How Much Car Insurance Do I Need?

By KBB Editors 01/04/2022 4:00pm

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Drivers in nearly every state must maintain a minimum amount of car insurance to drive legally. But there are exceptions. And each state decides what types of coverage it requires and what the minimum policy limits will be.

There’s no one-size-fits-all solution to purchasing coverage. The right amount for you depends on your state’s requirements and how much protection you want. While no one wants to pay for coverage they don’t need, you don’t want to find out that you’re underinsured when it’s too late.

In this article, we’ll explore the available types of coverage and factors to consider to help you decide on the right amount for you.

Is Car Insurance Required?

Every state except New Hampshire and Virginia requires drivers to have liability coverage, which pays for other people’s injuries and vehicle damage if you cause an accident. Although New Hampshire and Virginia don’t require drivers to carry insurance, they do have financial responsibility laws. If you don’t have car insurance and you’re responsible for an accident, you must be able to pay for losses that result from the crash.

What Happens If I Drive Without Insurance?

Penalties for driving without insurance vary based on where you live and may include:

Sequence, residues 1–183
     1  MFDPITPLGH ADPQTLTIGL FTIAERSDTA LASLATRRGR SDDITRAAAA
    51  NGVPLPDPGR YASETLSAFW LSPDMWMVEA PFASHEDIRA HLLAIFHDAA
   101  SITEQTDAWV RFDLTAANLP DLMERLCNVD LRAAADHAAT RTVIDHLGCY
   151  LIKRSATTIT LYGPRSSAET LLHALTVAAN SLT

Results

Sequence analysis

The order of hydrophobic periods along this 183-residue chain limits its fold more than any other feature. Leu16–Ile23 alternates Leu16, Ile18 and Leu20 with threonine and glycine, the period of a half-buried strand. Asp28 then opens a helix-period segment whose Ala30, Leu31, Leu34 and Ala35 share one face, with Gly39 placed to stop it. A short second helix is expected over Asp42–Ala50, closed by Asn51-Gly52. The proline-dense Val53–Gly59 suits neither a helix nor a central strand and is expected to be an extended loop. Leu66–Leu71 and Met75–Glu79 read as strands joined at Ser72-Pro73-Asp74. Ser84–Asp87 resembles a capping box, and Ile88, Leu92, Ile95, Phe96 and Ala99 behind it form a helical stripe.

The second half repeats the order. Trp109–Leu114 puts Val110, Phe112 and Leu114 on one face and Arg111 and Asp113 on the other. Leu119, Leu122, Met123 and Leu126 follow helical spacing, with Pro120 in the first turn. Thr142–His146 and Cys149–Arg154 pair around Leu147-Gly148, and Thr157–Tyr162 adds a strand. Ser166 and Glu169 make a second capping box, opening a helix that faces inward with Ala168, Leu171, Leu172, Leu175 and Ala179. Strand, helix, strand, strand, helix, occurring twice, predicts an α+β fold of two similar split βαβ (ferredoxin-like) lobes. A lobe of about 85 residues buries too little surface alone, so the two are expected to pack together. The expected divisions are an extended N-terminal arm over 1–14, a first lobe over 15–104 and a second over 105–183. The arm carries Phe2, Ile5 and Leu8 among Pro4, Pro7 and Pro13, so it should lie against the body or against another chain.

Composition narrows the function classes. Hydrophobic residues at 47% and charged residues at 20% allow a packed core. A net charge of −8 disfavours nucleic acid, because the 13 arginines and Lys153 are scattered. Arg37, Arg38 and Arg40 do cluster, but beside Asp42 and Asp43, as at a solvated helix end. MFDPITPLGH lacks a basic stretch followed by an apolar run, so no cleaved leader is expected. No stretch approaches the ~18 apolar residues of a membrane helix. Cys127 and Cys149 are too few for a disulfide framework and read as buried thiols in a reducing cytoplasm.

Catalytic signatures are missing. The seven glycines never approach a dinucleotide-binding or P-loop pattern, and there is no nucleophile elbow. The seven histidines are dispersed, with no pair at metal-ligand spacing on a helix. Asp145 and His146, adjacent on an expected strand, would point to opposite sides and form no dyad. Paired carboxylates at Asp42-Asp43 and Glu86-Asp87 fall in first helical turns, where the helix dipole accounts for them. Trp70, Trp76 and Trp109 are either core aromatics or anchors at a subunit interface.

• Fines
  • Suspension of your license and/or vehicle registration
  • Vehicle impoundment
  • Suspension or surrender of your license plates
  • SR-22 filing requirement
  • Jail time

If your license or registration is suspended, you may need to pay a fee to get them reinstated, in addition to fines you may be responsible for. And if your vehicle is impounded, you’ll have to pay a release fee to get it back.

How Much Auto Insurance Do I Really Need?

You need at least enough coverage to meet your state’s minimum requirements to drive legally. If you’re not sure what they are, check with the department of motor vehicles or your insurance agent.

But keep in mind that state minimum insurance requirements are notoriously low. And they don’t typically provide adequate protection if you’re in a serious accident. Plus, your state may not require certain types of coverage that can help protect your finances after accidents and other incidents.

Having the right types of coverage and adequate policy limits is essential to preserving your financial health. “The more money you have, the more insurance you need,” says Shane Page, president of Piedmont Insurance Associates, an independent insurance agency in North Carolina.